In the current paradigm, racism is not nearly addressed to the extent it should be in university finance curricula across the country, according to Rohan Williamson Ph.D., vice provost of education and professor of finance at Georgetown University. 

“We need to look at parts of the economy from equity standpoints, focusing on areas where  [Black people] are unable to invest, help the economy grow and help firms,” Williamson said. “This is something that has been part of the country for 400 years, and much longer globally. [Addressing racism] will require a push from universities to do more to bring these topics into our direct way of thinking.”

Williamson said Jesuit universities have a heightened responsibility to be leaders in addressing these issues due to the nature of the institutions’ social values. 

“We have to live up to our ideals,” Williamson said. “It’s one thing  to say something, talk is cheap. Now do something  about it. It’s the responsibility of those who say the most to lead in these efforts.”  

 

Shifting the business paradigm 

Ringelstein works at Permit Capital Advisors, LLC and is collaborating with Polidoro and Campbell on their sustainability project. Ringlestein said companies have started to shift their investment practices to incorporate ESG, especially over the past five years.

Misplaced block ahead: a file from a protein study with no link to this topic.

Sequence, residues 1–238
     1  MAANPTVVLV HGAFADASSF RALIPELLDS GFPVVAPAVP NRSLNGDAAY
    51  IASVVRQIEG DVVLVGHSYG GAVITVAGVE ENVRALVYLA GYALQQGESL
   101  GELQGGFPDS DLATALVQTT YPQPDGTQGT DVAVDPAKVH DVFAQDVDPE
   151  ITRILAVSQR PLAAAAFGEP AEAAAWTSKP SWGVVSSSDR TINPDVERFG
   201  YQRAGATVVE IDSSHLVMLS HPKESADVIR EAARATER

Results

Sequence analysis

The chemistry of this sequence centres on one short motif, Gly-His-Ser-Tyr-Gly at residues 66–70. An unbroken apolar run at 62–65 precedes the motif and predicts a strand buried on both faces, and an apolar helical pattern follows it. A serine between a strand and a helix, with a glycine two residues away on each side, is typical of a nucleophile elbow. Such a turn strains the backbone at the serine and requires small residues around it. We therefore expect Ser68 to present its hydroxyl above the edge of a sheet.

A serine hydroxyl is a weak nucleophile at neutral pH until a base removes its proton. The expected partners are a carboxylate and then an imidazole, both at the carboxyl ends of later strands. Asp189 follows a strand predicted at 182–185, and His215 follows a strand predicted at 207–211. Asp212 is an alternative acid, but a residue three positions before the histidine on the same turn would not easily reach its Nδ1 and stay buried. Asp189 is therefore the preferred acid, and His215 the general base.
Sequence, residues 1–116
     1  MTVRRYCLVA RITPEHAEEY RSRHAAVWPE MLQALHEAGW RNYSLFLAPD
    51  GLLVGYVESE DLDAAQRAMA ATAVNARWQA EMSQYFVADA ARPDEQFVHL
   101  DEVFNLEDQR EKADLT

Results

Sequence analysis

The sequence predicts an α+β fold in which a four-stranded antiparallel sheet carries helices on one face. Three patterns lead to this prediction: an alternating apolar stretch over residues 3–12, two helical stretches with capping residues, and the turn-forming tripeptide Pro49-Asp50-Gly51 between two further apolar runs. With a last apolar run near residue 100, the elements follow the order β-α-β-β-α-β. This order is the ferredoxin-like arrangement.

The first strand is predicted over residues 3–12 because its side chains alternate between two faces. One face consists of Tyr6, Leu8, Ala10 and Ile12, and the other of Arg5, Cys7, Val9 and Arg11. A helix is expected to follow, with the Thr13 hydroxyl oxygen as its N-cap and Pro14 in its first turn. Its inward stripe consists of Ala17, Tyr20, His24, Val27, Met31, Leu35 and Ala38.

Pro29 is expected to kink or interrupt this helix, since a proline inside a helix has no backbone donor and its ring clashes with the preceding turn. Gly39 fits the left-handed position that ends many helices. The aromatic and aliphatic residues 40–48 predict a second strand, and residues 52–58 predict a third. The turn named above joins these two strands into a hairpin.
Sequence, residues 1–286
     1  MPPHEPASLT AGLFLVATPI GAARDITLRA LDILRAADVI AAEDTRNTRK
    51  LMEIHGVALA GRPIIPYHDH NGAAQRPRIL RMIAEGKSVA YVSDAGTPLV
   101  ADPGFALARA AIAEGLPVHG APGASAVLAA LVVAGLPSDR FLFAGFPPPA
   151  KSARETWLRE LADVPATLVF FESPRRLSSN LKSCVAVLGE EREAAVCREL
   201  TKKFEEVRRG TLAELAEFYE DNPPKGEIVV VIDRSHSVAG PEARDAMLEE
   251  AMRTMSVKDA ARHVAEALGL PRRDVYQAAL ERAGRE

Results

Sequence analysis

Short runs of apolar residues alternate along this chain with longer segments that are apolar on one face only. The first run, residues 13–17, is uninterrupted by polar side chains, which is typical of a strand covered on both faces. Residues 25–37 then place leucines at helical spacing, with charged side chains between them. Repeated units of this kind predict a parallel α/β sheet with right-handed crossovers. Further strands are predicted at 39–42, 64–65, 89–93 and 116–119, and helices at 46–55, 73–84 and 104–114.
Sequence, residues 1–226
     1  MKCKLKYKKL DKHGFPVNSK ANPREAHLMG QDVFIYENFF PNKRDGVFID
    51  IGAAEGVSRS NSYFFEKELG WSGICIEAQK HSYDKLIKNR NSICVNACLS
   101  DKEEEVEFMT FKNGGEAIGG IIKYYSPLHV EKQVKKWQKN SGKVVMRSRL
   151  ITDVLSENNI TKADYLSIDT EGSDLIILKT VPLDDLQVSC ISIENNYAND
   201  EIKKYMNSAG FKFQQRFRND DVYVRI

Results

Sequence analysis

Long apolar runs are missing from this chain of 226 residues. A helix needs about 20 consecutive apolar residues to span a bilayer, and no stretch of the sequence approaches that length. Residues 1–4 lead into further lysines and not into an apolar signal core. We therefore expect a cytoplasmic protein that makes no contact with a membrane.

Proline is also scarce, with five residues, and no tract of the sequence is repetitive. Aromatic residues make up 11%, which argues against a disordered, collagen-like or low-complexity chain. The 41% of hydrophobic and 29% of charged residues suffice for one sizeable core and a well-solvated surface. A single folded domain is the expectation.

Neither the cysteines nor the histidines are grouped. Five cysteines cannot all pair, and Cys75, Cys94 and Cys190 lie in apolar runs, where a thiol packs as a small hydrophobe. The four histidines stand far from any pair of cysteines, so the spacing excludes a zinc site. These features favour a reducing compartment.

“You have to be incorporating tenets for sustainability in business or else you’re not going to survive,” Ringelstein said. 

Lydenberg has researched the social and environmental performance of corporations since 1975. He said while certain companies are starting to adjust their practices, there has not been a fundamental change, which contributes to how concepts are taught at the academic level. 

“We’re at an inflection point,” Lydenberg said. “We’re going to feel the effects of climate change tomorrow, not just in the long-term future. If you let problems that are systemic in their nature sit, it’s very difficult to get them under control.” 

Both Schellhorn and Waddock echoed Lydenberg’s point, citing how investors continue to finance fuel companies despite “the growing carbon bubble,” and how this mindset is reflected in academic pedagogy. 

Waddock referenced Pope Francis’ 2015 encyclical, Laudato Si’, with respect to the correlation between Jesuit values and economics. The pope wrote, “maximization of profits, frequently isolated from other considerations, reflects a misunderstanding of the very concept of the economy.”

During faculty meetings, Schellhorn said she has brought up St. Joe’s finance department’s need to address and emphasize societal impact pedagogy, taking into account all stakeholders, like the pope references. She said she’s met with, “You’re so passionate about this.”

“I’m not passionate about it,” Schellhorn said. “I’m extremely worried about the current situation. This is very serious and very important for our continued survival. It doesn’t get more important than that.”